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Oh, and the secret key to this symmetric encryption algorithm is rot_13, but don't tell anyone... –  msw May 28 '10 at 14:58

Yes, you can do this with virtually any symmetric encryption algorithm: DSA, or AES, for example; just use the integer as the key, and pad the key out to the required length of the encryption algorithm's key, and use that key to decrypt the answer.

Keep in mind that if you extend a short key, the encryption won't be very good. The strength of the encryption has a lot more to do with key length and the algorithm itself than how long it takes to run.

This question seems to have some examples of libraries to use with python.

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Reason for downvote? –  WhirlWind May 28 '10 at 1:00

Just use triple DES and use different keys for each iteration, use the number to generate a each of the 3 keys. Pad up the key length with some text, and you're good.

Tripple DES was designed to increase effectiveness against brute force.

It's not the world's most secure option, but I'll keep most bruter's at bay.

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If you encrypt your answers, those who have solved the problem simply do not want to see your answers with such effort, provided that they already have plenty of answers to see in the answer page. Those who haven't cannot see. Then your work becomes less useful.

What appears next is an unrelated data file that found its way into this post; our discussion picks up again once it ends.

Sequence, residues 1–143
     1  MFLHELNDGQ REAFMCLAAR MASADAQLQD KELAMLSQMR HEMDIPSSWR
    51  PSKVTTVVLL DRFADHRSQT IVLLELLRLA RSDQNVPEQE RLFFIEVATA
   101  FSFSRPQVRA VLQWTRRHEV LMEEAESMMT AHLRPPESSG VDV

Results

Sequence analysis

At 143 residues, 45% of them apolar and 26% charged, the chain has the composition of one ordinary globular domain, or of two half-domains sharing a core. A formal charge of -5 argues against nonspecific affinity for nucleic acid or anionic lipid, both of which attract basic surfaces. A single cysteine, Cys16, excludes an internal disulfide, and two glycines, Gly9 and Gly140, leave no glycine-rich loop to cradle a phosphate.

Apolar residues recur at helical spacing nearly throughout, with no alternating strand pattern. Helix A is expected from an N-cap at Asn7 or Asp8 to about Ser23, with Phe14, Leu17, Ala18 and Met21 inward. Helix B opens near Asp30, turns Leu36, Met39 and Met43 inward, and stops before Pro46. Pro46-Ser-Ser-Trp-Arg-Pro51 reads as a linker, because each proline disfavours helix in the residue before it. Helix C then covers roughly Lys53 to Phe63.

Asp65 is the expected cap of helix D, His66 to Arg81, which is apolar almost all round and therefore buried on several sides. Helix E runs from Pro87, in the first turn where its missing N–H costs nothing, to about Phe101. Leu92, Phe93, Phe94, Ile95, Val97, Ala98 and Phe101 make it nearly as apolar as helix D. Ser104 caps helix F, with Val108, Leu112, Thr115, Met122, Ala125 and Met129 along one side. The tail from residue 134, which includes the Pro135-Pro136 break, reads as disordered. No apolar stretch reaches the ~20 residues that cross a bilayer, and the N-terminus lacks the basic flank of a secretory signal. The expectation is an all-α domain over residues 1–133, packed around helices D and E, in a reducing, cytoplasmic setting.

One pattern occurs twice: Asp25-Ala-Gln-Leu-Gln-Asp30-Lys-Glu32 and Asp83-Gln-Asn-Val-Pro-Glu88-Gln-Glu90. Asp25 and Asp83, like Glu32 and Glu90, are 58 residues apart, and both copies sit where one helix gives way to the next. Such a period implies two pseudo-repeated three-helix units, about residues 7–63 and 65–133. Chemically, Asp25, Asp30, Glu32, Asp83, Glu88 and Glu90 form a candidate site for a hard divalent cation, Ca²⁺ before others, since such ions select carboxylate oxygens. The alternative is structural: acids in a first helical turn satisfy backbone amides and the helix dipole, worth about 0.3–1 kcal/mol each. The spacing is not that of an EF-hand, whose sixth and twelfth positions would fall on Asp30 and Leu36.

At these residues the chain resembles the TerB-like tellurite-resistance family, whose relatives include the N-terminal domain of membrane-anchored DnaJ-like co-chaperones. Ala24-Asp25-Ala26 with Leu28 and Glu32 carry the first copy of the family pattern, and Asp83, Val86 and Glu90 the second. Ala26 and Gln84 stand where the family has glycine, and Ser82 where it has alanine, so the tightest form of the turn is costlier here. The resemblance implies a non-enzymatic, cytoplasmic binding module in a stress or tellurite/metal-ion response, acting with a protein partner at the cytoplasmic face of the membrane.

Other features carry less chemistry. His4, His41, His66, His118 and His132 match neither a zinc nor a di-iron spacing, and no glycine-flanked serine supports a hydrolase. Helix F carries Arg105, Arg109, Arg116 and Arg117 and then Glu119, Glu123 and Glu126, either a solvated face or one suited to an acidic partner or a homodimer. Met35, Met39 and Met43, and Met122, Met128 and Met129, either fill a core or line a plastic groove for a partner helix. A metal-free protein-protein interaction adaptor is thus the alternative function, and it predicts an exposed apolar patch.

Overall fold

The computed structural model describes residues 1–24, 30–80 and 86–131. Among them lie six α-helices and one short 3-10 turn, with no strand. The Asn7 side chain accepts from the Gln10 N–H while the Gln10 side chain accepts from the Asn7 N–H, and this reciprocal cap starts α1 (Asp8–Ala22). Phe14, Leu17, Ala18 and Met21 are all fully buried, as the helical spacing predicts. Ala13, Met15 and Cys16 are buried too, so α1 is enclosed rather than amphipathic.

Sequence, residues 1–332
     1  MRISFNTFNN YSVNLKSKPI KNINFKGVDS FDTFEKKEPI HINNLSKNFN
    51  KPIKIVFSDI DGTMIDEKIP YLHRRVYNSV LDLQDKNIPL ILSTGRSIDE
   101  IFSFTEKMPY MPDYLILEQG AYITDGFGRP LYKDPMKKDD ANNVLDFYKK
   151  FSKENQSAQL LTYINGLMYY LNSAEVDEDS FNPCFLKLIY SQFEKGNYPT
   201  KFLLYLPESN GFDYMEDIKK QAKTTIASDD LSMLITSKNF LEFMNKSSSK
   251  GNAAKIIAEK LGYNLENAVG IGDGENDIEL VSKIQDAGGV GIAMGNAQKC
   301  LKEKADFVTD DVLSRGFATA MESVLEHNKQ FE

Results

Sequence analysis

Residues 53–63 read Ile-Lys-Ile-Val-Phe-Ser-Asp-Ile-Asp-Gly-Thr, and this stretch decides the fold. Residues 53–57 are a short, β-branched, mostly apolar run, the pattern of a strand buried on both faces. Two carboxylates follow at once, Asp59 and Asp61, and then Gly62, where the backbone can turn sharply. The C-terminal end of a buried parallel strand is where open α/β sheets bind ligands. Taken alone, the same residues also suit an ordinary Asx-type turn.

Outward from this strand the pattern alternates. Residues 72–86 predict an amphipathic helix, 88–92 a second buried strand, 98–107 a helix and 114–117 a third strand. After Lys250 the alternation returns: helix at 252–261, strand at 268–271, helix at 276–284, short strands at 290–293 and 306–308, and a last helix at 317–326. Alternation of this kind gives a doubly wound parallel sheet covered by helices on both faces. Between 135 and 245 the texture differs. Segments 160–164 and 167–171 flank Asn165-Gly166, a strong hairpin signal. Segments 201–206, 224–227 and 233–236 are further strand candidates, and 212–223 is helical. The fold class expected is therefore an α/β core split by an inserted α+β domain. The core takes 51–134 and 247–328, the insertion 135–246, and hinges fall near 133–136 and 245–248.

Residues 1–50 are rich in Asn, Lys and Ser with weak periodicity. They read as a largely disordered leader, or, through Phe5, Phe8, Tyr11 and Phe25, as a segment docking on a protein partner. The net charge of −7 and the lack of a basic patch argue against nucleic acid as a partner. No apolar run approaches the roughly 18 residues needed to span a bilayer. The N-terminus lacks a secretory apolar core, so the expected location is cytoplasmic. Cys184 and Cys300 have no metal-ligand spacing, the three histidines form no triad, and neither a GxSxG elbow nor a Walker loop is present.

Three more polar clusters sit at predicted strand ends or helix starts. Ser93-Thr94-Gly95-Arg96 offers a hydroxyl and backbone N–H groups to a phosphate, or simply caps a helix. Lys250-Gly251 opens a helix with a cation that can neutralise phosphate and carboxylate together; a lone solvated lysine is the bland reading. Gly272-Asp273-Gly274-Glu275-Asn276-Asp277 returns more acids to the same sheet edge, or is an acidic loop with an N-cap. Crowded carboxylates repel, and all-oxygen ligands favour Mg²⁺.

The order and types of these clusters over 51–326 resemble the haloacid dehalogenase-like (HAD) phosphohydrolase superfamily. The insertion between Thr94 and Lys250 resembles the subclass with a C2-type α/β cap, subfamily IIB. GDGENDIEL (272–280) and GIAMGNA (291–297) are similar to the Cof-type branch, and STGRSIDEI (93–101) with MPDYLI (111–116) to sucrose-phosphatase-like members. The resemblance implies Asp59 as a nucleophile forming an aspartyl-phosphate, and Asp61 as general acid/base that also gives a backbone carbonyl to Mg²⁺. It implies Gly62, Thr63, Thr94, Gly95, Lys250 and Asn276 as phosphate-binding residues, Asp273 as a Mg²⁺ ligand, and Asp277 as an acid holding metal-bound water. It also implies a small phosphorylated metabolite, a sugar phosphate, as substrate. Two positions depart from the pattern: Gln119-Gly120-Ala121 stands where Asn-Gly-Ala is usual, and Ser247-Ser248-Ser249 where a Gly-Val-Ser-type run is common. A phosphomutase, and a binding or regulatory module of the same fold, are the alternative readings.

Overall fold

Btw, there are many places providing answers to Project Euler, e.g. Haskell answers, Clojure answers, F# answers. If somebody only wants the answer to a question, he/she could simply run the program. Provided that Python is so popular, google "Python Euler xx" would give you plenty of blogs solving a specific problem.

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It's right for the simple problems, but there are significantly less solutions to the complicated ones. Other than that, I'm loking for a `python decrypt.py --problem=123 --key="1234567"' mechanism, which is quite simple. –  Adam Matan May 28 '10 at 0:15
@Adam. If you really want to promote your solutions and reach more audience, you'd better start with no encryption. One thing I can guarantee you is that few experienced users (with >200 solved problems) will submit solutions to your answer set to get checked to get your answer. –  Yin Zhu May 28 '10 at 0:44

The simplest approach would be to hash the answer using a secure hash function such as SHA-1, then provide the hash so users can verify their answer. If you want to make brute-forcing more difficult, iterate the hash - eg, provide the result of n recursive applications of SHA1, where n is some parameter you choose to make it difficult to brute-force.

If the number of possible answers is small, though, it'll be difficult to impossible to prevent someone from brute-forcing it even with an expensive hash function.

Edit: Sorry, I misread your original question. If you want to encrypt your answer, you could do that by using the resulting hash, above, as the encryption key for your answer, rather than posting the hash.

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If you want an encryption routine that is easy to use and distribute, I recommend Paul Rubin's p3.py. It's probably on the fast side, for how secure it is, but since you seem to be in need of a hurdle to be jumped rather than a siege-resistant wall, it may be a good choice for your purposes.

You could also look into rijndael.py, which is an implementation of AES, and slower than p3.py.